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New N.S. Health Authority head wants public’s ideas on how to improve health-care system

The new president and CEO of the Nova Scotia Health Authority says feedback from the public will be fundamental in guiding his decisions as he takes on his new role.

Just three weeks into the job, Dr. Brendan Carr knows he’s leading an organization with an image problem, but he’s determined to help the province see the successes in the health-care system.

Carr, who grew up in Sydney River, N.S., returned to the province after stints leading health authorities in British Columbia and Ontario.

“Having been in other places has given me the opportunity to see that a lot of the really nasty challenges that we’re facing here are the same issues that are going on in other parts of the country,” he said during his first news conference.

Carr, who will serve a five-year term in the position, said recruitment and emergency closures are among his immediate priorities.

First steps in new role

He’ll spend the next few months travelling the province talking to staff and learning about the system. He also wants to hear directly from patients.

“We need to hear from people, we need to understand exactly what they’re experiencing so we can improve the system,” Carr said.

He said people can expect to see some immediate changes, including the restructuring of the executive level, which has already begun.

Carr believes that will bring a stronger voice from the rural parts of the province.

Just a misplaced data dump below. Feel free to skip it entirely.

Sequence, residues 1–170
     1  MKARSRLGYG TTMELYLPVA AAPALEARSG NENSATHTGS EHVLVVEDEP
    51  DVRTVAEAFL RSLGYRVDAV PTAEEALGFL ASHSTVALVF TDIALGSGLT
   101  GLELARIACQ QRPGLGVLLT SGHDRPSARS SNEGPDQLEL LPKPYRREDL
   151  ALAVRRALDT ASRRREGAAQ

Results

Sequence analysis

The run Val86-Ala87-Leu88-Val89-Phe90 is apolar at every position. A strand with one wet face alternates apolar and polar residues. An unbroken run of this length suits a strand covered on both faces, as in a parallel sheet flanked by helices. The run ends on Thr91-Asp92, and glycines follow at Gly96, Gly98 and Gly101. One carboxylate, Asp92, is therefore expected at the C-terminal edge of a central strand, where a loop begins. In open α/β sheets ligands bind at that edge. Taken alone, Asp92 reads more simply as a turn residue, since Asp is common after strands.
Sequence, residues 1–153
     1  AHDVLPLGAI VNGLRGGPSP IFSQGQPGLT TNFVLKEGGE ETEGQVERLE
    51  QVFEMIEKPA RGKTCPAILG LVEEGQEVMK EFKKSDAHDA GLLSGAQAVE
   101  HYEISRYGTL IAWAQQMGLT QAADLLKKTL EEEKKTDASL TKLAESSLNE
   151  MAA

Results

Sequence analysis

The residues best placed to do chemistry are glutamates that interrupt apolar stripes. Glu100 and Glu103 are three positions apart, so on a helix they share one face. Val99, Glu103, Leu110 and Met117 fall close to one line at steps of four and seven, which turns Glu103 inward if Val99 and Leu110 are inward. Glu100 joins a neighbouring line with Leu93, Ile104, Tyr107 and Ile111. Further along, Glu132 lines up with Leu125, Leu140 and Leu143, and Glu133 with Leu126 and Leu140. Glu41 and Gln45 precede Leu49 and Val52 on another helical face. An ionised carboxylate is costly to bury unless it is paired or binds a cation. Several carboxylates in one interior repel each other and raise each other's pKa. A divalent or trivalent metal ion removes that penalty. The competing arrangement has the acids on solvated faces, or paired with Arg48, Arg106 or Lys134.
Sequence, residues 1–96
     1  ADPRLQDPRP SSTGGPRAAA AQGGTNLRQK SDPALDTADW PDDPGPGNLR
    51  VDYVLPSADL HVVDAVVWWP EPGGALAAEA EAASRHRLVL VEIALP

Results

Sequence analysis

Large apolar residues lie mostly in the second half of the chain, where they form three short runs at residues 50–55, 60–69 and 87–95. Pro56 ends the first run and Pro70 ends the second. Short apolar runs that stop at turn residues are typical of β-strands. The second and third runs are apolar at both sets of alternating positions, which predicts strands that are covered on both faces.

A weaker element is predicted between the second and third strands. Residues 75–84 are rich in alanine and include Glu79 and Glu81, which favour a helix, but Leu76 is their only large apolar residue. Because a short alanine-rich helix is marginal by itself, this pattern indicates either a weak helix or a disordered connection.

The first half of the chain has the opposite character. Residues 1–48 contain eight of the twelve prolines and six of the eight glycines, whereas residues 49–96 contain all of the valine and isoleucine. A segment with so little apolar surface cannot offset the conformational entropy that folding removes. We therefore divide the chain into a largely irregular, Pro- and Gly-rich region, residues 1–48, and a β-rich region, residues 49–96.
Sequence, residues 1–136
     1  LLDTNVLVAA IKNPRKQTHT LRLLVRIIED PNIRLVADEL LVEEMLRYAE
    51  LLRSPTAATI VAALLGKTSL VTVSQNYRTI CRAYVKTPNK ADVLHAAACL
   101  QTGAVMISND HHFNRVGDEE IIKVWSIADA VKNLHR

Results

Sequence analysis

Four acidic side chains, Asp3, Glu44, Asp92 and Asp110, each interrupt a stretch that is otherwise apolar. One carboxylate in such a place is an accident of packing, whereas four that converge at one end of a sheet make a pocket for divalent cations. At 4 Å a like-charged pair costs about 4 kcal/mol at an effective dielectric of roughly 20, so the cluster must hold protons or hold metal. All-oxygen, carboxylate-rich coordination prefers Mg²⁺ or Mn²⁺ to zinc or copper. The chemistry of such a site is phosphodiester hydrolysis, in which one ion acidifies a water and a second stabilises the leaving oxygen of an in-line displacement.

“We do have to have a structure … that is designed to be able to connect with and engage with those various communities,” he said.

‘I see a system that has the right fundamentals’

Carr said he hopes to bring balance to people’s perceptions.

“There’s been a lot of innovation in Nova Scotia in terms of the way we deliver services that is actually being modelled in other parts of the country,” he said. “I see a system that has the right fundamentals.”

For example, Carr said since the health authority took the lead on recruiting, more than 430 physicians have moved to the province.

“I would suggest to you that those numbers are competitive with every other jurisdiction in the country, if not better,” he said.

Carr hopes to continue building partnerships with communities and increase their role in recruitment efforts.

“I think it’s part of the recipe for success,” he said.

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